Tibco analytics research lead: Data ‘storytelling’ needs a narrative

Tibco analytics research lead: Data 'storytelling' needs a narrative

This is a guest blog for ERP Today written by Lori Witzel in her role as director of research for analytics and data management at TIBCO.

Data is creating ‘stories’ today inside organizations that use information flows to denote, describe and delineate the shape of their digital stacks. 

Explaining that literary storytelling methods won’t translate to tell the right data stories for the new information age, Witzel writes as follows…

A picture is worth a thousand words, so says the popular maxim, and when it comes to exploring data, images and visualisation live up to the value of the phrase. Storytelling is now understood to be an important part of the business world; however, when it comes to analysing data, traditional storytelling methods are the wrong syntax. To get real value from data, organisations need to use the power of visual data storytelling. 

To date, a popular approach to data storytelling is to use literary and screenwriting-based methods. These methods tell a story whereby the narrator and/or author describes to the audience how something occurred. Literary storytelling features arcs, which rise and fall, with a beginning, a middle and an end. 

If data and business technology leaders rely on literary storytelling methods for data storytelling, the definitive ending has already been set. There is little room for immersive exploration, co-creation and for potentially better endings to the story being told.

Why? Literary storytelling isn’t open-ended. Even fan fiction, in which readers of the original source story create their own variations, have beginnings, middles, and ends. A better model might be that of the graphic novel. Graphic novels provide a more immersive experience, and its immersive visual analysis that fosters exploration. Using “what if” immersive visualisations allow for iteration and co-creation in ways that literary storytelling models cannot.

Draw it out

Data storytelling has captured the imagination of business and technology leaders over the last seven years. With data storytelling, the dashboard and reporting experience can be transformed from a static experience to one that’s immersive, using visualisations the audience can drill into, layer after layer. And this immersive experience is inherently collaborative, driving discussion with each iteration.

Today’s data analytics platforms provide data and business technology leaders with the ability to develop immersive, graphic novel-style data visualisations. Dashboards can be created which bring key elements of the data story to the fore. The use of visual contrast, such as image size and colour, as well as zoom-in technology, which enables members of the organisation to choose which details of the visualisation and data they want to immerse themselves within – this will elicit those varied responses and insights the organisation needs.

Let the visuals drive the story by keeping the word count limited and focused. Words should simply clarify what the audience sees. Consider how short the sentences in a speech bubble are within a graphic novel or comic, but how when combined with the imagery, the story unfolds and develops.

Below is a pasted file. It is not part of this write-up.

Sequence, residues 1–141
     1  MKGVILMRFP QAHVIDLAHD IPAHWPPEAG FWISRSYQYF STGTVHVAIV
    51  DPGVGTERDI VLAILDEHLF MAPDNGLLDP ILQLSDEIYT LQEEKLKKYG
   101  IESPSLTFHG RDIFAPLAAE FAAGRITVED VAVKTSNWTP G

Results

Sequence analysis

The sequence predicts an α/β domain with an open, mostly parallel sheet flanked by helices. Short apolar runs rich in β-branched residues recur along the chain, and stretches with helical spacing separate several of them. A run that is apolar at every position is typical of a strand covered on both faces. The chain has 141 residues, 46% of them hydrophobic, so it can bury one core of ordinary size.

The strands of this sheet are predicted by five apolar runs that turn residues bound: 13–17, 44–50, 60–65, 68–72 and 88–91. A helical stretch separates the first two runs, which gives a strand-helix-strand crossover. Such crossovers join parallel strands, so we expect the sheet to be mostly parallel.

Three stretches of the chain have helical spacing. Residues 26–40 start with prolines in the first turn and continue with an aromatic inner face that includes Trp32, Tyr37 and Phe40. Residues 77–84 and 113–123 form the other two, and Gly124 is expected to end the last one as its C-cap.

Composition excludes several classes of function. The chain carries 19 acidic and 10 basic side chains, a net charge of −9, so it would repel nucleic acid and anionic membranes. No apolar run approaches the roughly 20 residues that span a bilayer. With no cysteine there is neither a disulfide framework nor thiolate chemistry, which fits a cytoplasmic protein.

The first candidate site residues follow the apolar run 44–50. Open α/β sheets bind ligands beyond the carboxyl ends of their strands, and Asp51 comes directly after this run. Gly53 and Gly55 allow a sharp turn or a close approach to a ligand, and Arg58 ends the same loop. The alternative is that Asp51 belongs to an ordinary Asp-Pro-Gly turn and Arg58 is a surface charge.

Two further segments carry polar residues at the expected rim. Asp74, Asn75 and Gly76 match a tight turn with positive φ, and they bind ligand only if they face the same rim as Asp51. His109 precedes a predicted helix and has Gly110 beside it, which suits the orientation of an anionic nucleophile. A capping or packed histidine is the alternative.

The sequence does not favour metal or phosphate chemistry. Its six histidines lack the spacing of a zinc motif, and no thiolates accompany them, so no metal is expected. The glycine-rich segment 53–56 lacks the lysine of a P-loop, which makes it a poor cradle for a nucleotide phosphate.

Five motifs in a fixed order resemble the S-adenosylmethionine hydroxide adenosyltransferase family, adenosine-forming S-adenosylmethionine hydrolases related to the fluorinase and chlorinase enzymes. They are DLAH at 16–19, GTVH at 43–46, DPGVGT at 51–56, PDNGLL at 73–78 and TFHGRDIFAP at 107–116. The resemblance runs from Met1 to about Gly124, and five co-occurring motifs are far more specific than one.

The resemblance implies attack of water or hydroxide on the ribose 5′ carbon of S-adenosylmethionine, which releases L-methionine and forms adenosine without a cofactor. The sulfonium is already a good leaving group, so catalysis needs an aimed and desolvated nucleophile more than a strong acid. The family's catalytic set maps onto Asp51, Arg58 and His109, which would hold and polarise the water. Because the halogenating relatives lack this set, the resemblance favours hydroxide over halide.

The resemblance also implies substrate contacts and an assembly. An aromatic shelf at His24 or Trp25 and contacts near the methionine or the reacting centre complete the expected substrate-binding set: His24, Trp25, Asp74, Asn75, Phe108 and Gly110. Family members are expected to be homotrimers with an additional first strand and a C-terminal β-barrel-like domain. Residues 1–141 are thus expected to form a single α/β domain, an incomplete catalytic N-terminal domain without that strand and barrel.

The best data analytics platforms provide immersive capabilities that can take the audience, whether executive board members or the wider workforce, deeper into the data and, therefore, the story. In addition, predictive analytics tools allow the organisation to explore and test ‘what if’ scenarios – a virtual sandbox, if you will, of how decisions will impact the market and the business. Data storytelling based on open-ended visual storytelling models can be used to foster debate and safely chart the best course of action for the organisation. Storytelling has always been used as a safe place to explore the possibility.  

Storytelling takes off

These methods are not just stories themselves; they are used on a daily basis by Aeroporti di Roma, the international airport operator for the Italian capital. Aeroporti di Roma employs 3,500 people, serves approximately 100 airlines and, before the pandemic, received 50 million passengers, but in 2013 the airport was ranked 3.31 out of 5 by the Airports Council International, the global association of civil airport operators. This ranking placed Aeroporti di Roma below the customer experience competing airports were offering. 

To turn the airport around, the organisation turned to visual data storytelling. Today Aeroporti di Roma is one of the highest-ranked airports in Europe. 

By visualising passenger flows and by correlating passenger flows with other data in real-time dashboards, Aeroporti di Roma radically improved customer experience. Aeroporti di Roma created the Airport Operations Plan, a central data platform built on TIBCO technology; this integrated all backend systems across the airport to provide real-time data and a visual analytics dashboard.

Data is collected from airport devices as well as anonymised passenger mobile phone data, which allows the airport to analyse the flow of people and to understand the behaviour of travellers. The real-time data enables the airport to more effectively schedule flights, departure gates, airport staff, baggage handling, car parking, and security, especially in response to events such as weather-caused disruption. 

Data storytelling and the Airport Operations Plan have created a digital twin of Aeroporti di Roma, with performance forecasting taking place throughout the day to keep operations effective and everyone in the organisation involved in the story.

Without immersive, visual data storytelling, Aeroporti di Roma would not have understood or seen the challenges. Organisations looking to begin a new data-oriented chapter need to ensure they use the right storytelling narrative for their data.